In the 20th century, corporate skunk works ® were used to develop disruptive innovation separate from the rest of the company. They were the hallmark of innovative corporations.
By the middle of the 21st century the only companies with skunk works will be the ones that have failed to master continuous innovation . Skunk works will be the signposts of companies that will be left behind.
In the 20th century companies could be leaders in a market for decades by just focusing on their core product(s). Most companies incrementally improved their products with process innovation (better materials, cheaper, product line extensions) and/or through acquisitions. Building disruptive products were thought of as “risky” and a distraction since it was not “core” to the company and did not fit existing corporate structures. Why make big bets if no one was asking for them and competitors weren’t doing so.
A few innovative companies did push the envelope. The way they did so was to set up “skunk works” to develop their most advanced, disruptive products. (IBM used the process to develop the IBM PC.) But it was Lockheed, then an aircraft manufacturer that coined the term and perfected the art. The Lockheed Skunk Works led by Kelly Johnson was responsible for its Advanced Development Projects – everything from the P-80 , the first U.S. jet fighter plane, to the U-2 and A-12 spy planes.
Skunk works differed from advanced research groups in that they were more than just product-development groups. They had direct interaction with customers and controlled a sales channel which allowed them to negotiate their own deals with customers.
Decades before we were able to articulate the value of “getting out of the building” and the Lean Startup, the value in having skunk works controlling their own distribution was starkly evident. Other companies with world-class R&D groups built radical innovations only to see their company fumble the future and others reap the rewards (think of Xerox and the personal computer, Fairchild and integrated circuits, Kodak and digital photography, etc.) Common themes in these failures were, 1) without a direct connection to the customer advanced R&D groups built products without understanding user needs, and 2) the core of the company was so focused on execution of current products that it couldn’t see that the future didn’t look like the past .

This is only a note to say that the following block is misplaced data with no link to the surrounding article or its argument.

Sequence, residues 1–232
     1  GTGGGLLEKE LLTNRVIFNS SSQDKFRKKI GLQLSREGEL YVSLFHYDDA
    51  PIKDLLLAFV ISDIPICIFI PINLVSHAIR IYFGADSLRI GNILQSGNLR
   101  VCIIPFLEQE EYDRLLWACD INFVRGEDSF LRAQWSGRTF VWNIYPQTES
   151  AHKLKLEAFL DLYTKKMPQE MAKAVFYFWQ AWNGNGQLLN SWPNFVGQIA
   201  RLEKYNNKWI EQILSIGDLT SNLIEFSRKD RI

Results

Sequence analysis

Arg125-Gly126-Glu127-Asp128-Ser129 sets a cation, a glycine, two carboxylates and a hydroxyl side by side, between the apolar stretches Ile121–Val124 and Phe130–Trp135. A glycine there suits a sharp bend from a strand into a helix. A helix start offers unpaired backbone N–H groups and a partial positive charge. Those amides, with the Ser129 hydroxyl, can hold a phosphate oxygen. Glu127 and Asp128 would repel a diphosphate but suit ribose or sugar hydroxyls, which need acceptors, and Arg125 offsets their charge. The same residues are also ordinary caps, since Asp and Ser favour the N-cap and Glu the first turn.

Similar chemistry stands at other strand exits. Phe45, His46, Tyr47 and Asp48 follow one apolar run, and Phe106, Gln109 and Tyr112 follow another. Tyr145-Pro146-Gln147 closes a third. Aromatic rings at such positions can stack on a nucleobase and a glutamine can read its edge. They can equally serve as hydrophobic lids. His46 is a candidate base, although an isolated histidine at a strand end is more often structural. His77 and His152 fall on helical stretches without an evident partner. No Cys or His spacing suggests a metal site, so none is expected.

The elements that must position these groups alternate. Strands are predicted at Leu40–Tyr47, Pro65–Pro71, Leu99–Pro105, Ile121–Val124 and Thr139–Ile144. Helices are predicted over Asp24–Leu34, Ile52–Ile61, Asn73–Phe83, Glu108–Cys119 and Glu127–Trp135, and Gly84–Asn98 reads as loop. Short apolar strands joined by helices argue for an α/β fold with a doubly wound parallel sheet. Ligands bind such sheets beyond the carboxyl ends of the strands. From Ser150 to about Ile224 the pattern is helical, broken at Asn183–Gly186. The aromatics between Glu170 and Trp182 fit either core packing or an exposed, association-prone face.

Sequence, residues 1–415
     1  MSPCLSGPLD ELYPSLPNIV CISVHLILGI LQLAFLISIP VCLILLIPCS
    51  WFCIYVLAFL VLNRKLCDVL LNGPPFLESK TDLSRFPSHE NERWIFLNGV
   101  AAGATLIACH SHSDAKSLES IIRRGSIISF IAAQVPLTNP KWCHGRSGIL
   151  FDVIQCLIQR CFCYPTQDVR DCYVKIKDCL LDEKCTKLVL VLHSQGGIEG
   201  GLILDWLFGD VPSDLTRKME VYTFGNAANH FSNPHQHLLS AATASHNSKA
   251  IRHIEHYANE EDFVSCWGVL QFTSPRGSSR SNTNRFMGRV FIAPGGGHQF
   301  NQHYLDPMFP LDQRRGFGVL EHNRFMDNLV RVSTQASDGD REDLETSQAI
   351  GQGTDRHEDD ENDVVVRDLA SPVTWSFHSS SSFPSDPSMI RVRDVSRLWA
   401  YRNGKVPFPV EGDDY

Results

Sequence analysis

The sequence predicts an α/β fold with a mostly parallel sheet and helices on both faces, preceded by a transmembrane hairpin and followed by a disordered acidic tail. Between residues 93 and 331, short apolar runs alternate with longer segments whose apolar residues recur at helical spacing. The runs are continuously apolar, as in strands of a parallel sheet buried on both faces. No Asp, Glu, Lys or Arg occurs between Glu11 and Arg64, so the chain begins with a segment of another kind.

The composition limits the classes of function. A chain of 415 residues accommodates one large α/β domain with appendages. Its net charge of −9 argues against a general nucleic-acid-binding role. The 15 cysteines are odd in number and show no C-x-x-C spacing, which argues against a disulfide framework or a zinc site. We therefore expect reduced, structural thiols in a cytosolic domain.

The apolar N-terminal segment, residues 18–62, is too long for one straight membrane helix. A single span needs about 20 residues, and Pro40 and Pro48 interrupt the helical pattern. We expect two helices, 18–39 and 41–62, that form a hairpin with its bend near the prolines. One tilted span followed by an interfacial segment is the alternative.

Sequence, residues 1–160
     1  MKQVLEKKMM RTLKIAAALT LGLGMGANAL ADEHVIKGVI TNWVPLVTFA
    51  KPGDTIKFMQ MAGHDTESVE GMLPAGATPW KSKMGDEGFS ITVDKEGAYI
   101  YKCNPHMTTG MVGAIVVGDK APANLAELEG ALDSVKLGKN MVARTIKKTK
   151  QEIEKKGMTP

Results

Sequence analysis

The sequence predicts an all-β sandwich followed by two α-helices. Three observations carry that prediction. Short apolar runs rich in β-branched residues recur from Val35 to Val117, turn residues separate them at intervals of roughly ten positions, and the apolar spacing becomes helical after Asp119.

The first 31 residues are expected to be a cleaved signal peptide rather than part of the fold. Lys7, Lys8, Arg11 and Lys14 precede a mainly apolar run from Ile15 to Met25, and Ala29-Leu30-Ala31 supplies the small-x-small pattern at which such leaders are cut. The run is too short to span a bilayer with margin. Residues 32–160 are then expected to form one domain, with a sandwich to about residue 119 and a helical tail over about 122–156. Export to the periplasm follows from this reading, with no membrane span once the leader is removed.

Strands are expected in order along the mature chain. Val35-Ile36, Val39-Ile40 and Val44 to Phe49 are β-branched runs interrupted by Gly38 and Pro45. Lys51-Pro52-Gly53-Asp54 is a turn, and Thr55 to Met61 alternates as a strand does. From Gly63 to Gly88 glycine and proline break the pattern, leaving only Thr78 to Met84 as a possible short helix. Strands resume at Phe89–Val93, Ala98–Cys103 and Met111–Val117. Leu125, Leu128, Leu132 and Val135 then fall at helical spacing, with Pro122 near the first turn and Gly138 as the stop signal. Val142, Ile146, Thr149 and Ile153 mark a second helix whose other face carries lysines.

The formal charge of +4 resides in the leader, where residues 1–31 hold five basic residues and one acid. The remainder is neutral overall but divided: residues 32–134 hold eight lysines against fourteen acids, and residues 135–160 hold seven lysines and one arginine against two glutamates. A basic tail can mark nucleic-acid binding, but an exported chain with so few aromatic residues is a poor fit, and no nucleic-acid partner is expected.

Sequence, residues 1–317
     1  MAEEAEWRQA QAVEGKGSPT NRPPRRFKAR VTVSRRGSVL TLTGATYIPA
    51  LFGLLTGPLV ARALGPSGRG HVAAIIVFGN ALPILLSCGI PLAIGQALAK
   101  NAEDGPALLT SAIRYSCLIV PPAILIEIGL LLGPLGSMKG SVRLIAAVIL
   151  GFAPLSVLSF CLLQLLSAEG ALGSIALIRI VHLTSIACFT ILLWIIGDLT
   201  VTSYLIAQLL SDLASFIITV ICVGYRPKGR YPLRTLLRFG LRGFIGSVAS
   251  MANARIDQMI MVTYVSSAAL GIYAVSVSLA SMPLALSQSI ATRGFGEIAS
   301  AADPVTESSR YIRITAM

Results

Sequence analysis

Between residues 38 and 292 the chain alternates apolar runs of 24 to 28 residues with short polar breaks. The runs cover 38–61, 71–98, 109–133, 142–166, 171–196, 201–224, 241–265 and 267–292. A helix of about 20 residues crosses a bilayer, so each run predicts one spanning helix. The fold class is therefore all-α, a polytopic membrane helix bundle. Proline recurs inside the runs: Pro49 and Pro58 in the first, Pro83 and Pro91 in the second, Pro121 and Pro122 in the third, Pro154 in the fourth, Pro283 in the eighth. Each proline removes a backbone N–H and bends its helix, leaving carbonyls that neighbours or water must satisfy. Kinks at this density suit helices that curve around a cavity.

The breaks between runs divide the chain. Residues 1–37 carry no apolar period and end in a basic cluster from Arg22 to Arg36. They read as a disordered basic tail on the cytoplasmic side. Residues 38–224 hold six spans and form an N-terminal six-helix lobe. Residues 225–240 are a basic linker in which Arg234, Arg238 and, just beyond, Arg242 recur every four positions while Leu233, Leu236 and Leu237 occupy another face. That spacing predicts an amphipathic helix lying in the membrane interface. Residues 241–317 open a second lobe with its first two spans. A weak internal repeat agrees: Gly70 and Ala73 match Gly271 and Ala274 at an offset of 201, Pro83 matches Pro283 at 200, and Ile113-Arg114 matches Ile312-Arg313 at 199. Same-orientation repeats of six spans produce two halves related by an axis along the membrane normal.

Kelly Johnson’s 14 rules about how to manage a disruptive project described how to remove a small innovative team from the politics, policies, procedures and processes a large company had built to support execution of its core business (and its military customers had developed to procure large numbers of standard aircraft.)
With the vantage point of the 21 st century, we can now see that a successful skunk works – separated from its corporate parent, with its own culture, in control of its own R&D and distribution channel – looked much like a startup .
But as successful as skunks works were to the companies that executed them well, innovation and execution couldn’t co-exist in the same corporate structure. Skunk works were emblematic of corporate structures that focused on execution and devalued innovation .
Continuous disruption requires continuous innovation
In the 21st century market share is ephemeral – ask General Motors, Blackberry, Nokia, Microsoft, Blockbuster, etc. –disruption is continual .
Therefore companies need to master continuous innovation – the art of executing on core products while continually inventing new products and new businesses . That means that somehow we need to take the innovation that a skunk works removed from the core of the company and integrate the two.
We need to realize that skunk works epitomize innovation by exception . But to survive companies need innovation by design.
We now know how to do just that. We can get innovation and execution to work side-by-side.
To start it requires board support and CEO and executive staff agreement. And recognition that cultural, process and procedure changes are needed to embrace learning and experimentation alongside the existing culture of execution.
I’ll provide details on how companies can organize this way in a follow-on post.